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SF Editors Visit John Deere Archives

A team of Successful Farming video producers and editors traveled to East Moline, Illinois, Monday for an exclusive tour of John Deere’s archives.

The facilities house an extensive collection of machinery, historical artifacts, and paper records dating back more than a century. Tours were led by Corporate Archives and History Manager Neil Dahlstrom and Historical Equipment Manager Brian Holst. Both men were interviewed for an upcoming 30-minute SF Special scheduled to premier on RFD-TV on March 29, 2018. They also shared more in Facebook Live interviews about their day-to-day roles and the assets they manage.

In addition to the tractors in the machinery collection, there are a number of seed drills, snowmobiles, and bicycles. Deere can’t keep one of everything it has ever produced so company archivists must decide which milestone, prototype, and futuristic products should be preserved. From there, the team decides whether or not to restore the piece. Even if the decision is made to keep a machine in its current condition, Holst works to preserve and maintain it. Holst is a trained ag mechanic who became interested in old machinery when he worked in a salvage yard that specialized in two-cylinder tractors. Now he maintains, coordinates logistics for, and answers questions about Deere’s collection of mechanical artifacts.

Several machines from this collection are rotated through displays at the John Deere Pavillion, museums, historical sites, and Deere offices and factories. This summer, Holst will make sure 13 pieces from the East Moline collection will be on display at John Deere’s celebration of 100 years in the tractor business in Waterloo, Iowa. The event takes place June 15-16, 2018. Holst looks forward to seeing collectors, past employees, and the community connect with the exhibits.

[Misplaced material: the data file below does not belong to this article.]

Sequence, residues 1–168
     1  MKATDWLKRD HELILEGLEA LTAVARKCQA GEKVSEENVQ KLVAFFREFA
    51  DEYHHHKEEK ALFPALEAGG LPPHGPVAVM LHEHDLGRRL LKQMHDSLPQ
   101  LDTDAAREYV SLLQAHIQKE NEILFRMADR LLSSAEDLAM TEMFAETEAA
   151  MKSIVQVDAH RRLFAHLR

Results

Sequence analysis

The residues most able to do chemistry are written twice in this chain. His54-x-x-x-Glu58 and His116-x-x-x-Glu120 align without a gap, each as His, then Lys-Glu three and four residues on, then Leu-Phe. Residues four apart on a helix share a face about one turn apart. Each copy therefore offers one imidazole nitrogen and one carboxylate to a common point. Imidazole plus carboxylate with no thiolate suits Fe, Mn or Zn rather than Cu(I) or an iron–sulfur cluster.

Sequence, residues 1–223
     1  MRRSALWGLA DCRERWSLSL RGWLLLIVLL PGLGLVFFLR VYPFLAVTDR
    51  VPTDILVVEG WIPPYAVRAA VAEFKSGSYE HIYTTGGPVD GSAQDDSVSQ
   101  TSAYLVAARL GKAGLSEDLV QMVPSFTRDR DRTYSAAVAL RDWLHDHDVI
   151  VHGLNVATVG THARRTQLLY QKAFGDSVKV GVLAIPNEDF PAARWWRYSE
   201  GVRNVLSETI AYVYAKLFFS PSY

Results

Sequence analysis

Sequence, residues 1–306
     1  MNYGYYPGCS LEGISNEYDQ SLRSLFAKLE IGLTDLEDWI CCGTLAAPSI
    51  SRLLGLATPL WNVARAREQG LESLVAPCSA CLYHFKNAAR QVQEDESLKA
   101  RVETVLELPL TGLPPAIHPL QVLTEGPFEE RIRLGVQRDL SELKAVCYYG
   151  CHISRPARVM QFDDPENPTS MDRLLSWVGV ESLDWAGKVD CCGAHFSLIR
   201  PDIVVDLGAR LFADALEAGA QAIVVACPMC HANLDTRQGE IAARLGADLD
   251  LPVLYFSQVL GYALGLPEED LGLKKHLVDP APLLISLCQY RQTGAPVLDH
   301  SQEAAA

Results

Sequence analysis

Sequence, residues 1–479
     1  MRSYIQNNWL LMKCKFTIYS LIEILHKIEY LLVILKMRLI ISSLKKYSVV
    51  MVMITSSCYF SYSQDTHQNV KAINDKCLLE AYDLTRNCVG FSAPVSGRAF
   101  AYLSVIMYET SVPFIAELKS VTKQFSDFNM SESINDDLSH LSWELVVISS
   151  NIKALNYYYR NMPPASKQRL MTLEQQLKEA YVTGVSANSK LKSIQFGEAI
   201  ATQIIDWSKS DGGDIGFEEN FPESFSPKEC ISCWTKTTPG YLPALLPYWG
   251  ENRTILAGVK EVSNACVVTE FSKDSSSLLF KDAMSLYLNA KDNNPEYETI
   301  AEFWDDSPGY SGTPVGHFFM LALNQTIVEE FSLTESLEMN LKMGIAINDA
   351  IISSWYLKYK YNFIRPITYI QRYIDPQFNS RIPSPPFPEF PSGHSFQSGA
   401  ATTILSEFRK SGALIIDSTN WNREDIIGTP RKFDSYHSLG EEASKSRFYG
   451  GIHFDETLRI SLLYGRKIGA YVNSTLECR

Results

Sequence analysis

As a trained archivist, Dahlstorm spends much of his time working with shelves and shelves of paper and film artifacts in the stacks. In this area of the archives, massive storage shelves on automated tracks house art, photos, and record books in a light- and temperature-controlled environment. Recently, by connecting details from a newspaper in the collection and a set of handcolored lantern slides they’d been storing for 15 years or more, Dahlstom and his team discovered the slides may have been used 100 years ago when the WaterlooBoy tractor was debuted in Salina, Kansas. Dahlstrom enjoys helping people in and outside John Deere get to know the real people who’ve dedicated thier time to serving the company and its farmer customers over the years. To help share those stories, Deere archivists have published a selection of historic films dating back as far as 1929 on YouTube in a series called “Out of the Vault.”


To learn more about John Deere and its contributions to agriculture, check out these recent articles from Executive Machinery and Tech Editor Dave Mowitz.

The Deere archivist team publishes some of their work in the John Deere Journal, and on YouTube.

Stay tuned to for continued coverage as John Deere celebrates 100 years in the tractor business. The 30-minute SF Special featuring both Holst and Dahlstrom will premier March 29, 2018, on RFD-TV.

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